“Badawi was the first woman to sue her father for abusing the guardian system and preventing her from marrying the suitor of her choice. She is also the first woman to file a lawsuit against the government demanding the right for women to vote, and launched an online campaign to encourage other women to file similar suits. The efforts of activists like Badawi helped encourage a royal decree allowing women to vote and run for office in future municipal elections.”

d) In 2011 and 2012 Samar Bawadi  joined the Women’s Driving Campaign. According to ADHRB there was never an official law which banned women from driving. However in the early 1990s the Council of Senior Religious Scholars issued a fatwa on the subject which argued that women who drive lead to “evil and negative consequences” . Therefore driving for women was forbidden. Women had been protesting against the driving ban since 1990. In 2011 Manal al-Sharif started on Facebook the campaign Women2Drive and encouraged women to defy the driving ban. Samar Badawi drove regularly from June 2011 onward and helped other women when they were arrested by the police or faced court proceedings of defying the driving ban.

In 2012 she filed charges in the Eastern Provinces Grievance Board against the General Directorate of Traffic, because they had rejected her application for a driving license. Samar argued that there is no legal basis for this rejection. She was the second women to do this after Manal al-Sharif who had filed an objection with the General Directorate of Traffic in Riyadh on 15 November 2011.

e) On 19 September 2014 Samar Badawi participated in a side event at the 27th session of the United Nations Human Rights Council titled “Human Rights Violations in Saudi Arabia“. She spoke at this event about the case of her then husband Waleed Abulkhair who had been sentenced to 15 years in prison and a 15 year travel ban once he is released for his advocacy for human rights in Saudi Arabia. Two days later she meet with the High Commissioner of Human Rights in Geneva. On 20 September 2014 she travelled to the USA to meet US senators and secretaries of state to discuss the  situation of human rights defenders, in particular of Waleed Abulkhair.

On 2 December 2014 she went to the airport in Jeddah and wanted to fly to Brussels to participate in a Human Rights Forum organised by the European Union. Samar was informed that the Ministry of Interior had issued a travel ban against her for an indefinite period of time. No reasons were given for this travel ban, but it is likely that her advocacy work at the UN and in the USA in September 2014 played an important part in the decision to ban her from further travelling.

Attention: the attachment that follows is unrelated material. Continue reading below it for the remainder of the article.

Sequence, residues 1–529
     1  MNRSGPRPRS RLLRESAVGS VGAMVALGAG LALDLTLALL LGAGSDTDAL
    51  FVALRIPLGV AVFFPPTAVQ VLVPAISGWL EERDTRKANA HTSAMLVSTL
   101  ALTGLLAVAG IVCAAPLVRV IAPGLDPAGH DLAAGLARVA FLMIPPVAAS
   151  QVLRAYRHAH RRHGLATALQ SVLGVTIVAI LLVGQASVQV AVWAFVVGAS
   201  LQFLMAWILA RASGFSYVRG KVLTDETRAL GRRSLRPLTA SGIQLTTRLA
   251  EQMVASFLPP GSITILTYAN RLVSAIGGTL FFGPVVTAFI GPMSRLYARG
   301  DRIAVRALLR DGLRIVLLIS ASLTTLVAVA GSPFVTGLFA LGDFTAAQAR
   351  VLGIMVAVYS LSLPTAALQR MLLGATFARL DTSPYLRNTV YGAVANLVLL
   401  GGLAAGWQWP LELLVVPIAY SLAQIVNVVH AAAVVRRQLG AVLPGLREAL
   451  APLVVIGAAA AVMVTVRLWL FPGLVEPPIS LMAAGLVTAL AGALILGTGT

f)  Samar Badawi had been several times the target of arbitrary arrests, interrogations and harassment, in particular in 2016 and 2017. She was arrested on 12 January 2016 in connection with her human rights activism. She had been summoned on 7 January 2016. When she arrived with her two year old daughter Joud she was interrogated for 4 hours. The police questioned her in particular in the context of her activism for Waleed Abulkhair and about managing his twitter account. The next day she was released on bail.

On 13 February 2017 she was again summoned for questioning on 15 February 2017. There was no specific reason disclosed to her. She was again interrogated for several hours. She tweeted afterwards that the interrogation was connected with her human rights activism.

g) About two weeks ago, on 30 July 2018 security forces arrested Samar Badawi. Her whereabouts or the reasons for her arrest are unknown.

2. Nassima al-Sadah

img_4241a) Nassima al-Sadah is a longstanding activist for women’s rights in Saudi Arabia. She comes from the Eastern Provinces of Saudi Arabia. Nassima was a co-founding member of the human rights organisation Al-Adalah Centre which did not receive a permission to work as a human rights organisations.

b) Nassima al-Sadah was involved in 2011 and 2012 the Women’s Driving Campaign Women2Drive. She joined Manal al-Sharif and Samar Badawi  and filed in 2012 a claim against the traffic department of the interior ministry at the Dammam court in Eastern Province, because they refused to issue a driving license to her. She had applied repeatedly for a driving license. She was the third woman who had filed such a claim in court.

c) The municipal elections on 12 December 2015 were the first elections in which women had the active and passive voting right. There were 2106 open seats in 284 municipal councils. The municipal council has no influence on national politics and only limited authority over local affairs. Over 900 women registered as candidates for a seat in one of the councils. There were 4.5 million eligible female voters, but only 132,000 registered to vote. ADHRB explained that there were significant obstacles for women to get registered. One problem was there was only a three week window to get registered. Because of the guardianship system and the ban on driving, many women were unable to get to the registration centre to register.